Well, the reason I think there is an inaccuracy is because I don't think any fallschirmjäger would be brazen enough to use a vise, not without getting their head kicked in by Edgar Berg's Yeager. It is very similar to the same significant importance that American paratroopers placed on their jump boots. Another thing they get special permission to do is wear these very shiny jump boots, they were called parachute boots and no other unit in the army could wear them, it was something very special and the troops loved it, they really did and the paratroopers broke a lot of noses at Fort Benning. isn't a pair of triple-duty jumpers, so next we have the scene where Lieutenant Spear shoots the German POWs now, before you get your panties in a twist, I'm not saying the scene is 100% accurate or inaccurate, what is presented on screen is intended to represent the true rumors and speculation made by Easy Company, having said that Stone Malarkey did not witness Spears gunning down this group of German prisoners.
This is based on what he said in his book Easy Company Soldier, but that doesn't mean Spears didn't do it. For shooting prisoners of war, there is at least one witness report confirming that he did it and may have contributed to more exaggerated rumors like the one shown in Band of Brothers. There is a great interview with Arthur Maurizio, a dog company soldier who was with Leftenant Space on d-day and I participated in the firefight that was d-day we had captured three Germans and I was with a tuned lead lieutenant and a master of jump it was him and another sergeant and there was nothing we could do with theGermans and the lieutenant called us together in the group and said jumbo, he says, take that one there, we are all lying in a ditch and I will take care of this one, take that one and we match it and shoot all three of them now, unfortunately, the The reason they shot those Germans is because they didn't have time to take prisoners.
They were right in the middle of D-Day. They were trying to regroup with the rest of their company and had to hit their target all the time. Far behind enemy lines and completely surrounded, they didn't have the resources to eat them, protect them, or the manpower to protect them. If let go, the prisoners would tell other Germans where they were and were also ordered not to take prisoners. On D-Day, General Maxwell Taylor, commander of the 101st Airborne, told his paratroopers that taking prisoners would harm their ability to carry out their mission. Now, personally, I don't approve of any of this, unfortunately, this is one of the tragedies of war, but I think it's important to understand the given context of that situation in terms of the other rumors about spear shootings of prisoners of war in different occasions.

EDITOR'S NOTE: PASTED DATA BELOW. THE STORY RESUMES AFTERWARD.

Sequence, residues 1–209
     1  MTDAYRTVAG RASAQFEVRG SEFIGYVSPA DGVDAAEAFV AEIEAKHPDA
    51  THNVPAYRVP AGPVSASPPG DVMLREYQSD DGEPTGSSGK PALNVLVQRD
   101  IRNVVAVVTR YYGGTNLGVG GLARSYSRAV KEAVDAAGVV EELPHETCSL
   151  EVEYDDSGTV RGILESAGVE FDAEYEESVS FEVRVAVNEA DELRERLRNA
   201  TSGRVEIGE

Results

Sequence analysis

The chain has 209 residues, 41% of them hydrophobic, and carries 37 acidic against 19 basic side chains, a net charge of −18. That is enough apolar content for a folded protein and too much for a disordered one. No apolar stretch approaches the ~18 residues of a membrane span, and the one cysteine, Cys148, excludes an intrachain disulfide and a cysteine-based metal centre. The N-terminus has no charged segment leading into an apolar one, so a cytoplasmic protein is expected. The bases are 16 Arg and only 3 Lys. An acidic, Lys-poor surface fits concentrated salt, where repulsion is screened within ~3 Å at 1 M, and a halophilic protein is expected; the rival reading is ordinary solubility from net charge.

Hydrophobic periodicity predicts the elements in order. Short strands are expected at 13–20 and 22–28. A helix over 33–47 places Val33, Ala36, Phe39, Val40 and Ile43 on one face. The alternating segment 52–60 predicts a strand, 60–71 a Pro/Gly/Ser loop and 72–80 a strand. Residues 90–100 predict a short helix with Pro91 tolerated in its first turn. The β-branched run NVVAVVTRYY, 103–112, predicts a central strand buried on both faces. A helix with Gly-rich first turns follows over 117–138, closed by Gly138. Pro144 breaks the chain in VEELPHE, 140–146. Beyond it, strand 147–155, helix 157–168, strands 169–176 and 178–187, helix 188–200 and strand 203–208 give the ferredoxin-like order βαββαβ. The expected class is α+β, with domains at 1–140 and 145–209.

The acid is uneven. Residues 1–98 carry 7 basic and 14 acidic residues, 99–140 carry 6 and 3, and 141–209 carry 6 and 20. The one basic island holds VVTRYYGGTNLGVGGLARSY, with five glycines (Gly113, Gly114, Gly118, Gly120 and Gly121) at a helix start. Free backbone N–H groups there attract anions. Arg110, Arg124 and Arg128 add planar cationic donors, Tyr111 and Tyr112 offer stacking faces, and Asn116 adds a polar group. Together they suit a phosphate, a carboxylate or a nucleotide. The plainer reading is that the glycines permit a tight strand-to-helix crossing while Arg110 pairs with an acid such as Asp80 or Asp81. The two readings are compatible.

I must say that I don't entirely know if they are true or not, this is the only one that seems believable to me moving on to this next inaccuracy that I'm not going to lie. This is really stupid, whether it's shoddy writing or a big mistake if you do. is. I can't believe this wasn't corrected when it aired on TV or even when it came out on DVD. It's at the beginning of episode 9 when the title clearly says. April 11, 1945, begins with the string quartet playing Beethoven and we see civilians clearing the streets of debris. The camera finally settles on members of Easy Company looking at the Germans, then goes into a flashback and stays that way for the rest of the episode. until the end, when we come back to the scene, the dead saint Hitler shot himself in Berlin, um, no duty, this is April 11 and Hitler didn't shoot himself until April 30, so, Unless they stay frozen in that place for more than two weeks, then what you just said is absolutely bad slang, malarkey, malarkey, isn't it?
Yes Mr Hitler, at this point he was alive and kicking hell, he's probably still in his bunker complaining about Mass Effect Andromeda, so the next one I have is a bit controversial and has to do with lefty Dyke's betrayal now you'll remember like the officer who panics during the attack on Foy and ordered his men to stop advancing while they were exposed and vulnerable in the open field. Carl Lipton was the company's first. The sergeant said that the dam had collapsed, this was not seen as a big surprise to anyone and Easy Company, as the left-handed dam was not particularly liked by Winters, who saw Spike as an incompetent officer who often disappeared. without explanation and he didn't look.
He followed his men and preferred to hide in trenches rather than fight, earning him the unflattering nickname of Trench Mormon. These are the stories that led to what you see on screen; However, there could be more to the story than that, according to Clancy Lisle, who was in the fight, saw Hammond left. He could have been shot in his right shoulder and panicked because of the wound and not the situation. Shortly after, a doctor took him to the rear and relieved him. Buy spare parts. The thing is the simple explanation that the dam is a coward doesn't really hold up once you look closer, for example, he received two bronze stars for acts of valor once in Holland, when on September 23, 1944 organized and led dispersed groups of paratroopers in the successful but important defense.